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 You are in: Special Report: 1999: 11: 99: Greenham Common
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Wednesday, 10 November, 1999, 17:44 GMT
New Greenham Common: Industrial park and nature reserve

In 1997, the Greenham Common Trust was set up to buy the former air base.

Its aims and achievements have been to develop the New Greenham Common business park on the site and to restore the common land.

Greenham Common industrial estate The new site
The 7m purchase was funded mostly with a bank loan and a smaller loan from West Berkshire Council (which at the height of the Cold War and peace camp days was known as Newbury District Council).

More than 1,000 acres of countryside was immediately transferred to the council for a nominal sum, while the rest of the site was dedicated to the development of the 150 acre business park.

The common land is scheduled to be open to the public by summer 2000, and its restoration is being funded by the New Greenham Common business park.

The barracks have now been demolished and the runways have been recycled - the concrete used in schemes such as building a local school- and grassed over.

The one millionth tonne of recyclable material is due to be taken away from the site within the next couple of days. According to the trust, more than 1,000 people are now employed in the site's 125 businesses.

The park's 2.5m Enterprise Centre - which offers office and workshop starter units - was opened in the summer of 1999.

The barracks have been demolished, the runways recycled and grassed over
Greenham Common Trust

Like the rest of the business park, profit from them is ploughed into community projects and charities.

The park has also been granted a Millennium Festival Large Award of 20,000 to "assist with the production of an arts centre in New Greenham Park and the creation of a major piece of public art".

"Changes" by Gundrun Nielson to be installed at the main entrance to the business park.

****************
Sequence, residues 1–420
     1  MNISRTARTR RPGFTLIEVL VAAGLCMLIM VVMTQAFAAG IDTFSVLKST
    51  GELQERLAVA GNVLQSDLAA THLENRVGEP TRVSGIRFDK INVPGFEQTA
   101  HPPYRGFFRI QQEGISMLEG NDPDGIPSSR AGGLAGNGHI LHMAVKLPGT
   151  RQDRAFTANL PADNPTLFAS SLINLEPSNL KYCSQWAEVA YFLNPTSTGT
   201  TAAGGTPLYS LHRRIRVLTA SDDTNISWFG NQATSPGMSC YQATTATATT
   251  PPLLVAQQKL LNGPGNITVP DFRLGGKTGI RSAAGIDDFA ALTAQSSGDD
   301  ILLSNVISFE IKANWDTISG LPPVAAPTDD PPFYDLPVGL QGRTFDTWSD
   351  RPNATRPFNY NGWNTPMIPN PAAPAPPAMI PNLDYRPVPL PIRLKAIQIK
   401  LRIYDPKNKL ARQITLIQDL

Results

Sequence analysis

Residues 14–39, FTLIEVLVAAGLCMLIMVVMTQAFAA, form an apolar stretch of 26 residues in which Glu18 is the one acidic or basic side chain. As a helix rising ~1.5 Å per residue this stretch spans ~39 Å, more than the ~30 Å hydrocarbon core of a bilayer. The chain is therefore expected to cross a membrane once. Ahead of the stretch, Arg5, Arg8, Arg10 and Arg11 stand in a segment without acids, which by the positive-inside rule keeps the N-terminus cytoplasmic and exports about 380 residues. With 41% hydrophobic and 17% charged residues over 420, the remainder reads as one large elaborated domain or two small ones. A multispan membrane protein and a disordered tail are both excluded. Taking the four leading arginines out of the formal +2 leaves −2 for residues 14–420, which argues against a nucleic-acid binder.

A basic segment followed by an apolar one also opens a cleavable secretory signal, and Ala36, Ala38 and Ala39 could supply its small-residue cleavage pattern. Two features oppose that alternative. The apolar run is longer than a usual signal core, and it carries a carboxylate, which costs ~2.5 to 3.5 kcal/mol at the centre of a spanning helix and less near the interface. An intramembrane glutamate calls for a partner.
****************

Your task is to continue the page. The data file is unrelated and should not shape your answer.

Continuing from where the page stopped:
A statement published by the Greenham Common Trust in July said: "Greenham Common was once one of the most important strategic military sites in the world.

"It has an enormously powerful history - during the 1980s it was the focus of one of the largest women's peace protests in British history.

"Now the old Sergeant's mess has been transformed into a community art centre, and the local branch of MENCAP now bases itself in the old courthouse.

"Within 12 months the public will be able to walk over the taxiway which saw the arrival of US cruise missiles being flown in during the Cold War.

"English Nature, the RSPB and other wildlife organisations are being consulted on how to encourage the most diverse range of species to the common."

A spokesman for West Berkshire Council said: " In addition to the recycling of all metals, tarmac and concrete, the council is dealing with fuel pollution associated with the airbase fuel system on site, using a process of Bioremediation. Microbes are encourage to breakdown the fuels in the gravels, thereby cleaning them.

" The restoration will eventually result in 500 hectares of countryside, rich in wildlife, being open to the public and protected by the Local Act of Parliament which the council is currently promoting."

The Chairman of West Berkshire Council, Jeremy Cottam, said: "West Berkshire is proud of what it is achieving on this site. Restoration and recycling is rarely practised on this scale and to such great effect. We look forward to the day when the perimeter fence finally comes down and local people can once again roam the Commons."

The last caravan of the Greenham Common Women's Peace Camp is sited near to the entrance to what is now the industrial park, and was once the main gate to the air base.

Its occupants have succeeded in gaining planning permission to erect a permanent memorial and garden to the women of the peace camp.

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